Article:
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  13. Reb nosson I see you are still a charadie at heart one of the most off putting posts of charadism is the maddening way they parade around making as if they have an answer to all the questions it never occurs to them to admit they might not have all the answers and thus the possibility exists that the entire world view they preach may be wrong
    Your answer to question ten has that ring i have also noticed you having that prigish tendency in other posts
    Happy shavus

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  14. Slifkin has every right to advertise his book on his own website.

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  15. ChaimJune 2, 2014 at 6:42 PM
    I'm no historian of science, but I believe that the USSR was ideologically opposed to Mendelian genetics and evolutionary theory and suffered immense scientific setbacks as a result, setbacks felt to this day.


    I'm no historian either, but the USSR exercised thought control at many levels; certainly if you banned all discussion of evolution, then this would have an impact. That is not what I'm referring to here.

    More importantly, they also based their economic system on absurd and false theories, which lead their economy to stagnate. Also the embargoes on technology reaching the USSR meant that they were way behind on computer technology. The result, I believe, is that USSR scientists could hold their own at the highest levels in areas which were purely based on theoretical math, but that experimental science was severely depressed for lack of resources.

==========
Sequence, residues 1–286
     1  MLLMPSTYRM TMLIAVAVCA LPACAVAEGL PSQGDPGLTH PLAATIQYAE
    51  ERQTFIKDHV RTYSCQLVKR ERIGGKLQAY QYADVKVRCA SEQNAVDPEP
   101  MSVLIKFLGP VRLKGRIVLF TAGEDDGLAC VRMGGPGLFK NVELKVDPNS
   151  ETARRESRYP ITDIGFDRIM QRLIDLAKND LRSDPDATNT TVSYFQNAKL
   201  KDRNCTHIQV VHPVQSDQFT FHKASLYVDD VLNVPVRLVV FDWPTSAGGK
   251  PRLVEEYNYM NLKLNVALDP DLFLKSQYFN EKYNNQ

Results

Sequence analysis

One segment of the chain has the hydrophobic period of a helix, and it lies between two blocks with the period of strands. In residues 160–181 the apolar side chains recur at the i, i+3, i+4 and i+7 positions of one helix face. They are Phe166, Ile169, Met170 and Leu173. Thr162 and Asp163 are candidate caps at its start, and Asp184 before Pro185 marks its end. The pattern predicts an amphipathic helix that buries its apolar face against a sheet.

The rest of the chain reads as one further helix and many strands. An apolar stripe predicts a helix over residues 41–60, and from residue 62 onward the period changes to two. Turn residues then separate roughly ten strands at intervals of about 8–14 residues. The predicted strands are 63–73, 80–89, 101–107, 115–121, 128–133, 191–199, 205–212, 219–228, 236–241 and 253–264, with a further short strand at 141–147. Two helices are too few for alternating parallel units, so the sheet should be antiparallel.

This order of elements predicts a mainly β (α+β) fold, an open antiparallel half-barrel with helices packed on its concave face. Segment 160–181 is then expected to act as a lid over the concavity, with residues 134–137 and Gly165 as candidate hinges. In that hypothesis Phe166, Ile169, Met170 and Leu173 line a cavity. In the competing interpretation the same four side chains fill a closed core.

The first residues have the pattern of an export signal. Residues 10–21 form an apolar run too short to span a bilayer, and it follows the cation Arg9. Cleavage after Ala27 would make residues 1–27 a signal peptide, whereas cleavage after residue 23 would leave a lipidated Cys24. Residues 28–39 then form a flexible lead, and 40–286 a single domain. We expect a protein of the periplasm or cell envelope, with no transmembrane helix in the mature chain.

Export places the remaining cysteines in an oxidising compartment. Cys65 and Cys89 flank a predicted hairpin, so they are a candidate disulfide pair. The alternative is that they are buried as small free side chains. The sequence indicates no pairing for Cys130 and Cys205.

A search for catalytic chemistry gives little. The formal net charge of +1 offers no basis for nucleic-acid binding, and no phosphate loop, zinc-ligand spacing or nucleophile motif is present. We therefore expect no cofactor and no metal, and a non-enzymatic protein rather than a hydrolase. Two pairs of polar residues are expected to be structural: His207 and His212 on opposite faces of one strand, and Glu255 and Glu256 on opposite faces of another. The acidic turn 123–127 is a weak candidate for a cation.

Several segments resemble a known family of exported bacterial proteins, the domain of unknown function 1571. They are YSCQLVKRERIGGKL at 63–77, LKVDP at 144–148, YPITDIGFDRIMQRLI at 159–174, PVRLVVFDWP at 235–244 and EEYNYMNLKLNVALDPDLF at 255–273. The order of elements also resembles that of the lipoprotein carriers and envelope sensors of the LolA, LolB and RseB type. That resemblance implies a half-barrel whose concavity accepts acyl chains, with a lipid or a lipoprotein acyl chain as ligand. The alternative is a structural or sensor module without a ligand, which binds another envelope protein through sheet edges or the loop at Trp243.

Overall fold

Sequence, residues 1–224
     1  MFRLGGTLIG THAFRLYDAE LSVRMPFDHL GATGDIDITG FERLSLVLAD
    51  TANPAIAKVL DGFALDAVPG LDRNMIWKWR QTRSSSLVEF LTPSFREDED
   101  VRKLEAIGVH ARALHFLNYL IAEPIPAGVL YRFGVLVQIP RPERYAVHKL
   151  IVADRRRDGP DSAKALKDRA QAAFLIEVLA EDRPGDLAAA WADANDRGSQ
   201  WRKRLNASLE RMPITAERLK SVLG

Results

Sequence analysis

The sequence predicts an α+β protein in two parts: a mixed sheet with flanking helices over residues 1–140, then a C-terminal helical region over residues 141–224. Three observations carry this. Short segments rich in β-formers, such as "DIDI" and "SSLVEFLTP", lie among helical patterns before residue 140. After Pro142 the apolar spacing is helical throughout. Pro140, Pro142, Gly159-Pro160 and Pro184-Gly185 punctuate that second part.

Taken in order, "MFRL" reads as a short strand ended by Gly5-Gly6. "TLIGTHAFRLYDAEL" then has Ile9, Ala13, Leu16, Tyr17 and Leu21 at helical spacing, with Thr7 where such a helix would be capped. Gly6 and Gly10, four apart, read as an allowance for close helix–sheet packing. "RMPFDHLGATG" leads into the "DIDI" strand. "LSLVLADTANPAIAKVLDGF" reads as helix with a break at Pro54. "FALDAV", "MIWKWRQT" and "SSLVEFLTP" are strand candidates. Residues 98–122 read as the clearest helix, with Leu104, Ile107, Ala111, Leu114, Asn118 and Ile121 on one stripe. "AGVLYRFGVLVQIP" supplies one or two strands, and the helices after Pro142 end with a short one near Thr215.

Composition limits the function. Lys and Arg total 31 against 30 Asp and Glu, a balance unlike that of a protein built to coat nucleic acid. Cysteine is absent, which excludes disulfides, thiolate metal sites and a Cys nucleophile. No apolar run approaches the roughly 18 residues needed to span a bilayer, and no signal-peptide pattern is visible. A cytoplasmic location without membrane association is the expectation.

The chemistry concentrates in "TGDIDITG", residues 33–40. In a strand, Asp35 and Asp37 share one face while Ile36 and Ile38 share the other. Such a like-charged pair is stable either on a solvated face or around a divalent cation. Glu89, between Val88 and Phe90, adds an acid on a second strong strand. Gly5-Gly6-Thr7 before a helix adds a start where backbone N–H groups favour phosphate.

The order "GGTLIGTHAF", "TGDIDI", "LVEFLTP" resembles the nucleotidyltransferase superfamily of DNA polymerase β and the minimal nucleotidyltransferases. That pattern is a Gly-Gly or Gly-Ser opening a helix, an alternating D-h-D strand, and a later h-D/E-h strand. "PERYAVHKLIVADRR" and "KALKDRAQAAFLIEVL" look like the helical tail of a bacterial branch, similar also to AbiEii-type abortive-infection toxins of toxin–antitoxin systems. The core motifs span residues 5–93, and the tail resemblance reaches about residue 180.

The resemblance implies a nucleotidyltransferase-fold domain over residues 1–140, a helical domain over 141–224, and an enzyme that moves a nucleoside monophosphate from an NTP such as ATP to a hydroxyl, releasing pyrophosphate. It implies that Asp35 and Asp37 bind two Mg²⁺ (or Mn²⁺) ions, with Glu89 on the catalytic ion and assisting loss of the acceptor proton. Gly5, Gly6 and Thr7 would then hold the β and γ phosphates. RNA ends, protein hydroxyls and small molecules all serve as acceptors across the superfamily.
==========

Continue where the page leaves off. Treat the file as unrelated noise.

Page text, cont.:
Certainly if you know anything about contemporary biological sciences and medicine, you know how reliant they are on evolutionary theory. If denial hasn't had an impact on Israel it is for peripheral reasons such as the small percentage of religious fundamentalists employed in such jobs or the incorporation of techniques based on evolutionary theory even by those who officially reject it (whether or not they are conscious of the contradiction).

    Yes, I said that it underlies all of biology. My point is that, for whatever reason, not teaching it at the pre-college level seems not to have hurt them. This is an argument that comes up often in the US.

    We don't say things like "Einstein is a great scientist and he says that the photoelectric effect is true". Rather, we accept the photoelectric effect to be true because Einstein provided sound experimental evidence for it.

    This is correct, BUT, it is largely correct in theory. Most people don't personally validate more than a handful of experiments, if that many. You (and I) believe in modern science because you *believe" that they have conducted such experiments and that their conclusions are based on firm evidence, but that belief itself is based on bits of experience and our own judgement. See the bottom of page 86 of this article for a more eloquent exposition: http://www.yctorah.org/index.php?option=com_docman&task=doc_download&gid=994.

    So if a teacher gets up in front of the class, teaches evolution and ends with "And you see? God doesn't exist, this all happens naturally!" then the Chareidi concern winds up becoming quite justified.

    The solution here is to avoid making comments for or against religion in the public elementary or secondary education setting (which I think is the law in the US). Evolution adds very little to the mix. The teacher could just as easily say "slavery is universally recognized as an evil, unlike that which is written in the Bible".

    Regarding the idea that the hare bringing up its cud is not "widely accepted," I think you are mistaken.

    I think that he meant that it is not widely accepted by anyone how has looked into it :). "Most people" barely know what "cud" is and can't tell the difference between a hare and a rabbit.